Elizabeth Barrette (ysabetwordsmith) wrote,
Elizabeth Barrette
ysabetwordsmith

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Poem: "The Alpha Vector"

This post is part of my activity in support of Asexual Awareness Week.

One of my projects, Schrodinger's Heroes, is especially ace-friendly. It's about the imaginary fandom of an apocryphal television show. Of the main characters in Schrodinger's Heroes, Ash is canonically asexual and Alex is often written that way too. The show is about quantum science and saving the world from mayhem involving alternate dimensions. If you aren't already familiar with this project, you can read about the show and the main characters, or browse the menu post.

Are you thinking it would be fun to write about some asexual characters for Asexual Awareness Week, but you don't have any? Feel free to use these. The main characters started out as thumbnail descriptions in "101 Asexy Sex Scenes" by [personal profile] melannen, and then I fleshed them out to create an effective team of heroes for a crossover-friendly show that's easy to mix with other versions of itself or other fandoms altogether. Start from the original thumbnails, or my descriptions, or make up your own. If you decide to try your hand at this, please let me know and I'll link the results.

The following poem is fanfic about ace!Alex and ace!Ash getting fed up with the sexual members of the team and having an adventure on their own.


The Alpha Vector


It was February,
and Bailey was making
erotic overtures again.

At first, Alex just rolled her eyes
and shooed him gently away.
As the calendar ticked toward 14,
Bailey became more persistent.

Finally Alex lost her temper
and threw him out in the hall,
then locked herself in her office.
She kept busy poring through old data,
looking for patterns in the manifold
that might help to identify
promising vectors or dimensions.

Alex was working on the vector
that dealt with sexual orientation
when she discovered a blip in the data.
So she called Ash and said,
"Hey, Ash, I found something interesting.
Come on over and help me check it out."

Ash let herself in with an idle swipe
at the electronic lock on the door.
"What have you got, Alex?" she asked.
Alex called up the data so far.

Ash poked casually at the display,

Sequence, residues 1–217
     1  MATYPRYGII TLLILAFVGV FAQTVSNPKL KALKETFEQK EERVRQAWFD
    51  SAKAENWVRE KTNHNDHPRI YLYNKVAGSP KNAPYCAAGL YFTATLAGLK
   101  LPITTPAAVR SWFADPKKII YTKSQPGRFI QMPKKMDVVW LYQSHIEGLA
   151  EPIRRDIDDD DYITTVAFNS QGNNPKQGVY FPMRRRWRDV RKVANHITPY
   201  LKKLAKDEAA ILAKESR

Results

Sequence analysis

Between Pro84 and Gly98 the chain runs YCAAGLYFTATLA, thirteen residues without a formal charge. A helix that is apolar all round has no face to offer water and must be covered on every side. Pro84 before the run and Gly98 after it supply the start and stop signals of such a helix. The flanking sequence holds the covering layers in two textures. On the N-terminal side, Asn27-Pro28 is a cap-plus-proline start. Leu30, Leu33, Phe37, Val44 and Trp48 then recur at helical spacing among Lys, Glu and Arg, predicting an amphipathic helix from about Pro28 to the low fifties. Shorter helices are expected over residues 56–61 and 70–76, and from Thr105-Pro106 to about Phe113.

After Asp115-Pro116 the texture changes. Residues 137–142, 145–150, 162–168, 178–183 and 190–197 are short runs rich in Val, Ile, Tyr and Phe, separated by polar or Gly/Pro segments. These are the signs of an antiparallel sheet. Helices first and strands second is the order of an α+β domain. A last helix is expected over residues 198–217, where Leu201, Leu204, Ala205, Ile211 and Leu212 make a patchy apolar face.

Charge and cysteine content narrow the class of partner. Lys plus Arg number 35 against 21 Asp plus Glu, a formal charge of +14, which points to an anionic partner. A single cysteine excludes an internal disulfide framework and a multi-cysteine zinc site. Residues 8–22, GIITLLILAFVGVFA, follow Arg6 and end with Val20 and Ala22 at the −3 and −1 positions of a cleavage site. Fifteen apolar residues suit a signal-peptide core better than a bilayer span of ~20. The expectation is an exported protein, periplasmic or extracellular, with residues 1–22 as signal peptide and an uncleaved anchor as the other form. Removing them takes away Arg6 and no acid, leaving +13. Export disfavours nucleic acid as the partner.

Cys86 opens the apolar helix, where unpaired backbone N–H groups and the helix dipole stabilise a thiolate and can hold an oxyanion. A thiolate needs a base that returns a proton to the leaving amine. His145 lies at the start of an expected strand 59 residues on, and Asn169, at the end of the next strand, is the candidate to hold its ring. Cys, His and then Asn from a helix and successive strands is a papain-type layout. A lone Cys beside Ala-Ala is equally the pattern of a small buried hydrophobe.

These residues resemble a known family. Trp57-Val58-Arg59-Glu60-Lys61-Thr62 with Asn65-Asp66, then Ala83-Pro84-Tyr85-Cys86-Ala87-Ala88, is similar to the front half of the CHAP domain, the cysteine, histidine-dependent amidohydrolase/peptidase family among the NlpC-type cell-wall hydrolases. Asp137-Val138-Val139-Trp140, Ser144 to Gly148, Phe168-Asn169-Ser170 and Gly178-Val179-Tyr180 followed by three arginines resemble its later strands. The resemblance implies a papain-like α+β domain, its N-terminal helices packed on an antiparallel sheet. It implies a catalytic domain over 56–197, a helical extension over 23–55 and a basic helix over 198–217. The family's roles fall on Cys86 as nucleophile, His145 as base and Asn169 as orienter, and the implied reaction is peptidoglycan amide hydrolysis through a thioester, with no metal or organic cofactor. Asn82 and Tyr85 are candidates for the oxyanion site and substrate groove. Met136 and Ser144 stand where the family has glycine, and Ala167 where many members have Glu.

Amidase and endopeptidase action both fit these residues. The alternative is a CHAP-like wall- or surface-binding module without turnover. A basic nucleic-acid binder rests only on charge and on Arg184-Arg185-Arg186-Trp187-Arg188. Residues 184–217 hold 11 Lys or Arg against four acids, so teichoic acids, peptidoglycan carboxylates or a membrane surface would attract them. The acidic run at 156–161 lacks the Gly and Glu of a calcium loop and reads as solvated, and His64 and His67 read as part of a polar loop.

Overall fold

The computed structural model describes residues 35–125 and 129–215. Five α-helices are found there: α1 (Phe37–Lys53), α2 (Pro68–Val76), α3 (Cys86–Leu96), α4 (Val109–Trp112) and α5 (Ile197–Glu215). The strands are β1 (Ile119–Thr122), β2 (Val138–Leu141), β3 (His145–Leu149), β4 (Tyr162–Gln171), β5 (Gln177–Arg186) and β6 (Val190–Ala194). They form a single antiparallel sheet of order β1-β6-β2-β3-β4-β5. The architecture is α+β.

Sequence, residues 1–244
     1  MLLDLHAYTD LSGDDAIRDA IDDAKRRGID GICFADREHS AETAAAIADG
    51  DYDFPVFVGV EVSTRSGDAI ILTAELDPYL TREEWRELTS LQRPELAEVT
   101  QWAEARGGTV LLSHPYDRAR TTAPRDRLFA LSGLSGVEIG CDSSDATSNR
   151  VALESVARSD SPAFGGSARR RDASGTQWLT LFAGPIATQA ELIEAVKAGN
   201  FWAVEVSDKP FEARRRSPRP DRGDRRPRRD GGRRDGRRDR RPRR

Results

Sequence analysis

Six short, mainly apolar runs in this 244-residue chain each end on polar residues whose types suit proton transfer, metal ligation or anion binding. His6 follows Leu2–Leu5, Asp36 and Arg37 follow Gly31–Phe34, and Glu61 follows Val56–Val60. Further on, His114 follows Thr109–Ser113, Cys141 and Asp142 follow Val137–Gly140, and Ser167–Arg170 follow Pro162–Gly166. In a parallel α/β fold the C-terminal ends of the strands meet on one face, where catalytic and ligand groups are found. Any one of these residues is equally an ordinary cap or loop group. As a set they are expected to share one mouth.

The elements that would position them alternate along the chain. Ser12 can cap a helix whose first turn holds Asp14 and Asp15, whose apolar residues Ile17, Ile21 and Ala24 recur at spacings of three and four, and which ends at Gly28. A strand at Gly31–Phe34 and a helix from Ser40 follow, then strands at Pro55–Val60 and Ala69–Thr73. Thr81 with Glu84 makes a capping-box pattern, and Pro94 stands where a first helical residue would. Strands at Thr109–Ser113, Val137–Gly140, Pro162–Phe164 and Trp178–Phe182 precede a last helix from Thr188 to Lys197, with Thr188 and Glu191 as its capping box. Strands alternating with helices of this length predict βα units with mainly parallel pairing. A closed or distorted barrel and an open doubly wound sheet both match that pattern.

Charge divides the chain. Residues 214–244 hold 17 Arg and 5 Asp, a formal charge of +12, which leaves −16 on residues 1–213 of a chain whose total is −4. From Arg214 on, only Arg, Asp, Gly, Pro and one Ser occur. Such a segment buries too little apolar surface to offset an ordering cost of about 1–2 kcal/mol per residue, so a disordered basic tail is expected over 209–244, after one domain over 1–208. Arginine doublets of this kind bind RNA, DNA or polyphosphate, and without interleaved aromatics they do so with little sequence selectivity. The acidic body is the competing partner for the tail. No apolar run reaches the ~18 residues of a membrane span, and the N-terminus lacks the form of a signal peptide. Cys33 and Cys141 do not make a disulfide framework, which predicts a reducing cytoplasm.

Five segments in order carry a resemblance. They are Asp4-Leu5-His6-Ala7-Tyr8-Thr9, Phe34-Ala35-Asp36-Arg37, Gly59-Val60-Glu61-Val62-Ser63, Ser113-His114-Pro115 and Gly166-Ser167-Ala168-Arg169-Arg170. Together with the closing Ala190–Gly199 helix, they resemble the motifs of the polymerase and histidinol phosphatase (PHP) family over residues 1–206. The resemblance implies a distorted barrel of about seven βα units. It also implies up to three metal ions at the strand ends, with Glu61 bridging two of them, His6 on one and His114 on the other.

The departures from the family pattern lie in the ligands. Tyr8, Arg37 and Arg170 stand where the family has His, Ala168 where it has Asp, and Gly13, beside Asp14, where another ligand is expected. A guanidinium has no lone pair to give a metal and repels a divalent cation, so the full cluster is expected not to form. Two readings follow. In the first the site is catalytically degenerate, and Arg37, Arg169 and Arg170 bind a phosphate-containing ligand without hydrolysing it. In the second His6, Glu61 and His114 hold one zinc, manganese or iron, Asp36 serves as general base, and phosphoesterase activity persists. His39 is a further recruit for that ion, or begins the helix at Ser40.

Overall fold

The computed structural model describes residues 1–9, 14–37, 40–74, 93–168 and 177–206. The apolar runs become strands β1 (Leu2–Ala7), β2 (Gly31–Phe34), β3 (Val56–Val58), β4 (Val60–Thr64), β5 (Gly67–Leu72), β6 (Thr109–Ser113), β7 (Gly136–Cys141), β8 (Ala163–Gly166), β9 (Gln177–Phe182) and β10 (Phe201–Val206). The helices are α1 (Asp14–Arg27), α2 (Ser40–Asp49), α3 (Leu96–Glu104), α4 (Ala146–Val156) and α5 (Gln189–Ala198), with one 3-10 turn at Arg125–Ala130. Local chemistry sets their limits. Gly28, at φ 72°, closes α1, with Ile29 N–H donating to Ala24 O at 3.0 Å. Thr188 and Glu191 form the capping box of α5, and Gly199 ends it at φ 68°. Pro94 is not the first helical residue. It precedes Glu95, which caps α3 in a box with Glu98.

tapped a few keys, and nibbled on her bottom lip.
Alex leaned over and tweaked a few things.
Soon they were talking excitedly
about the patterns, and trying
this new program twist or that --

when suddenly, right there
in a quiet little corner of the manifold,
they found a dimension in which
almost everyone was asexual.

"You know," Ash said slowly,
"Quinn has been all over me
for the past week or so.
I could really use a vacation."

"Bailey won't leave me alone
this time of year," said Alex.
"I've been thinking about
how nice it would be if
we could just skip Valentine's Day."

Ash gave an enigmatic smile. "Maybe,"
she said, "or we could go see about
finding a version farther from home
and closer to heart."

Alex grinned and bounced in her seat.
"Just give me a few minutes to pack,"
the quantum physicist said.

So Alex and Ash fired up
the Teflon Tesseract and
snuck away with no one the wiser.

They strolled down streets
hand-in-hand and nobody stared.
They went to see movies where
people snuggled instead of smooching.
They picked up novel after novel
filled with actual plots.

The Valentine's Day decorations
were hands instead of hearts,
done in the pink of friendship
and the white of purity
rather than the red of passion.

The cards celebrated
"special friends" and not
boyfriends or girlfriends.
The rings were not gold but silver,
shaped like clasping hands
after an old Roman design.

Alex and Ash joined a flock of strangers
stenciling their handprints together
along the fence in a public park.
It was nice to be somewhere that
didn't insist on putting "just" in front of "friends."

They stopped to watch two new fathers
proudly showing off their baby.
"He's just out of the infant generator,"
one said to a friend.

Alex and Ash shared a look,
then quietly tracked down
the technical specifications
so people back home
could enjoy the option of
technological procreation.

"Life always finds a way,"
Ash murmured happily.

They returned home
after the holiday had passed,
and smoothed the ruffled feathers
with suitable presents,
and quietly mailed the plans
for the infant generator
to a mutual friend in the sciences ...

and if the new rings
winking silver on their fingers
were noticed at all,
nobody said anything.
Tags: activism, gender studies, holiday, poem, poetry, schrodinger's heroes, science fiction
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